July 22, 2012
Heroes Wanted: What Would Batman Eat?
redOrbit Staff & Wire Reports - Your Universe Online
The Baby Boomer generation had Popeye to inspire them to eat their spinach. However, today's children do not have role models when it comes to healthy eating habits and good food choices.
According to Brian Wansink, Cornell professor of marketing, director of the Cornell Food and Brand Lab: "Fast food patronage is a frequent reality for many children and their parents. Simply instructing a parent to order healthier food for a child is neither empowering for a child nor easy for a parent. Advising parents to ask their child, 'What would Batman eat?' might be a realistic step to take in what could be a healthier fast-food world."
Wansink, along with post-doctoral researcher Mitsuru Shimizu and visiting graduate student Guido Camps of Utrecht University in the Netherlands, conducted a study in which 22 children, ages 6 to 12, at a summer camp were asked if they wanted apple fries or French fries during several consecutive Wednesday lunches.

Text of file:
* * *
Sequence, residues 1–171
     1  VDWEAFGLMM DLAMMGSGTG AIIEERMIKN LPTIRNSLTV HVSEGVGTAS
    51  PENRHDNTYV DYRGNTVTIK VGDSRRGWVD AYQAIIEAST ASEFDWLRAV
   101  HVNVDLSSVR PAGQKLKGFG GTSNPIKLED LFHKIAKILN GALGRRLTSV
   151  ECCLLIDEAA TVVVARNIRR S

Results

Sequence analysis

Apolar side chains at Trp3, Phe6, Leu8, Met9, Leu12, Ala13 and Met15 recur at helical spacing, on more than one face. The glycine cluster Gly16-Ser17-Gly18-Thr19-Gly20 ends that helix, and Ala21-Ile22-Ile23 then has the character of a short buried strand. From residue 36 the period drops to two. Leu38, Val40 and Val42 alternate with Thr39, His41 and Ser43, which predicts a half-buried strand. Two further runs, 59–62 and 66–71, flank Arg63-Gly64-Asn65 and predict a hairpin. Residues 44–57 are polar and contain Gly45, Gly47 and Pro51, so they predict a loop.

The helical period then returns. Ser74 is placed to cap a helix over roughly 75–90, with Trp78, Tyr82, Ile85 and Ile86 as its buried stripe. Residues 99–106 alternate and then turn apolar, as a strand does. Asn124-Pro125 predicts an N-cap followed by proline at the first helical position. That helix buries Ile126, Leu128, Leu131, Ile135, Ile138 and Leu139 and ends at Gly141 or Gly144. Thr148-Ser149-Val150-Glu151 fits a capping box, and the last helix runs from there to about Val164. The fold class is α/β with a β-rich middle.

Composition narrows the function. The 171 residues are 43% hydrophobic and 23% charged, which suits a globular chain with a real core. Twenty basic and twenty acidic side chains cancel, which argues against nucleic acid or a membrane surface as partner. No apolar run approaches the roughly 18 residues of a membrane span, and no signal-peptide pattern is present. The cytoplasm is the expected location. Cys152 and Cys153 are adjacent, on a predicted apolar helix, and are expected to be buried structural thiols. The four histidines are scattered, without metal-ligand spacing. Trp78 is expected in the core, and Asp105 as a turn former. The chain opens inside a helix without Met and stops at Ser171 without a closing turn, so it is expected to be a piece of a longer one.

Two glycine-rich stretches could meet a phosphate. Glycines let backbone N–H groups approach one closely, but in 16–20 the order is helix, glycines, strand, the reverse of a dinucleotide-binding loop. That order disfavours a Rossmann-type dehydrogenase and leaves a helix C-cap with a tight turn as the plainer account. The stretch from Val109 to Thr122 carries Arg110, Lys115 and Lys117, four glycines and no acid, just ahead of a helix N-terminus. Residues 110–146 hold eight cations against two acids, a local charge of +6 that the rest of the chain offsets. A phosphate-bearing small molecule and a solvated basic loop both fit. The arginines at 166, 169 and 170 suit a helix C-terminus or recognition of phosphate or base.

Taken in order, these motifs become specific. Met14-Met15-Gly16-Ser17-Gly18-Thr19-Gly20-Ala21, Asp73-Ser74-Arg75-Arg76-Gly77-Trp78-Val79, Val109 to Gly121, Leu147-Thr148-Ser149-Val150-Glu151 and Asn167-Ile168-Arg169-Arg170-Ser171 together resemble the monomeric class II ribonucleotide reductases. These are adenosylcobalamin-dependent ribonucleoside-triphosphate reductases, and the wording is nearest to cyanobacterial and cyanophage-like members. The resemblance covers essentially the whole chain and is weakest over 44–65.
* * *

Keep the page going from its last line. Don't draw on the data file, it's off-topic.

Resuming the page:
After being shown pictures of superheroes and role models with the apple fries, 45 percent of the children selected the healthier choice. Without the accompanying imagery, only 9 percent chose the healthier option.
"On average, children who selected apple fries consumed only 34 calories whereas children who selected French fries consumed 227 calories. That's almost seven times as many calories just from the side dish of the meal," Wansink said. "If you eat fast food once a week, a small switch from French fries to apple fries could save your children almost three pounds of weight a year."
The findings of the study appear in a paper titled "What would Batman eat? Priming children to make healthier fast food choices," which is published in the journal Pediatric Obesity.